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Humans attract malaria mosquitoes

23 May 2013 09:26

Infected mosquitoes are more attracted to human smells than uninfected ones

Infected mosquitoes are more attracted to human smells than uninfected ones

Mosquitoes infected with malaria are more attracted to human odours than uninfected ones, according to a study. Scientists claim the malaria parasite, Plasmodium falciparum, alters the host mosquito's olfactory system, leading to a heightened attraction to human odours.

This heightened attraction causes mosquitoes to fly more frequently to humans to feed on their blood, thereby increasing transmission of the pathogen responsible for the tropical disease.

Only females of the genus Anopheles transmit human malaria, as they suck blood to nurture their eggs. The team of researchers, led by Renate C Smallegange, an entomologist at Wageningen University in the Netherlands, are the first to demonstrate the malaria parasite has power over mosquito behaviour.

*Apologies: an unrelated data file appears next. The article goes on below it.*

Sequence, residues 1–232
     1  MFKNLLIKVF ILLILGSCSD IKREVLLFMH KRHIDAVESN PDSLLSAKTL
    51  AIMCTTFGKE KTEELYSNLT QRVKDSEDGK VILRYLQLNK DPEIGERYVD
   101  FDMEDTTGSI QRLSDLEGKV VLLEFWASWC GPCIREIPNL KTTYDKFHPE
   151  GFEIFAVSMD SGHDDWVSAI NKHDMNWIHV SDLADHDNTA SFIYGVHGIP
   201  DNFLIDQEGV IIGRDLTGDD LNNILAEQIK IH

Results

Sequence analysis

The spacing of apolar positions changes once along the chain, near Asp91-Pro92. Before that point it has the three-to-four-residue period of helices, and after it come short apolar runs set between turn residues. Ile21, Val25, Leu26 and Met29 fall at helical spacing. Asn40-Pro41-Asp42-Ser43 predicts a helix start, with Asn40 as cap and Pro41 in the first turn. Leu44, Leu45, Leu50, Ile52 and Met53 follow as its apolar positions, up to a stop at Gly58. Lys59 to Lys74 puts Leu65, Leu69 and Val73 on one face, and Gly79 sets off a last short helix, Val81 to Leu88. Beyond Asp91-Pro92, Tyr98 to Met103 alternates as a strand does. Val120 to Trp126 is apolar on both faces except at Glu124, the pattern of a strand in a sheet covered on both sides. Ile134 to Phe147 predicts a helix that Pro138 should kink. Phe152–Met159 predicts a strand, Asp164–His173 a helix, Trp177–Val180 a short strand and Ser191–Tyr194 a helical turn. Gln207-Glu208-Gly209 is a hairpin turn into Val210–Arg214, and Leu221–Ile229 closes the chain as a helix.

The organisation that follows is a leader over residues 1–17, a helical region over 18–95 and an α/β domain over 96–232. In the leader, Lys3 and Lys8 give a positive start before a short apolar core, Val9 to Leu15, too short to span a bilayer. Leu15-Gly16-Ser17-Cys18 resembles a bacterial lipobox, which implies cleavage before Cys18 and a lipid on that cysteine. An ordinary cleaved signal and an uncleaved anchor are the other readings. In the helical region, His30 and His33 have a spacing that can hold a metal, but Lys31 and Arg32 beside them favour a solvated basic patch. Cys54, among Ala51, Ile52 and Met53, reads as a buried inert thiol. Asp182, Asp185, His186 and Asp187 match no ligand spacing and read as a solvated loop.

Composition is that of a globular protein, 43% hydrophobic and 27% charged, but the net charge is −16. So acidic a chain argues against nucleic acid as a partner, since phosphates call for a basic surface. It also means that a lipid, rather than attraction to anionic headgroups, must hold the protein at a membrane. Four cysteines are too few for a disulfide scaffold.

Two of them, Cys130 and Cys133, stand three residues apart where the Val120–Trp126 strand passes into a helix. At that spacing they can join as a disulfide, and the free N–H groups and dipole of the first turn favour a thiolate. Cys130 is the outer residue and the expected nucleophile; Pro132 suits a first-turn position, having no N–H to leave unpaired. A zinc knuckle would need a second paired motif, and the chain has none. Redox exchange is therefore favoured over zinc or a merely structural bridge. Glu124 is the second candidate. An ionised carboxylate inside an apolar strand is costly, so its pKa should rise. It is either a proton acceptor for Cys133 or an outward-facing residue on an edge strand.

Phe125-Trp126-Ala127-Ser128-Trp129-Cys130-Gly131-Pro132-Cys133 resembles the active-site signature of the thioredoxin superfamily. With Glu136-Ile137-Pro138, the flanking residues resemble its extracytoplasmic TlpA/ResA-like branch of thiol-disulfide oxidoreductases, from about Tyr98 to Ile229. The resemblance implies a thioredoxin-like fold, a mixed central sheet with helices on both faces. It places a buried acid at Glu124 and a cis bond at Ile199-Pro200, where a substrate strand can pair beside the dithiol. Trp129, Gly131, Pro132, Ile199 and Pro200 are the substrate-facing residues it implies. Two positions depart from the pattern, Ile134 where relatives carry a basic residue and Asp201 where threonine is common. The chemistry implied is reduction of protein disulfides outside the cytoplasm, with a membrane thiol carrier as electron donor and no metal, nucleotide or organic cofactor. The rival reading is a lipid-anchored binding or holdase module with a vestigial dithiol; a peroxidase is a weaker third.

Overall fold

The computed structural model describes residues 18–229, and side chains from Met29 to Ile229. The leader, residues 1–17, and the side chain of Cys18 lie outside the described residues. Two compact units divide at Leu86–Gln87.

Around 3.3 billion people around the world live in high-risk malaria areas, mainly in sub-Saharan Africa, South America and Southeast Asia. Travellers to such regions should make sure they receive the necessary jabs before jetting off, while purchasing medical travel insurance is also advised for added peace of mind.

The finding were published in the journal PLOS ONE.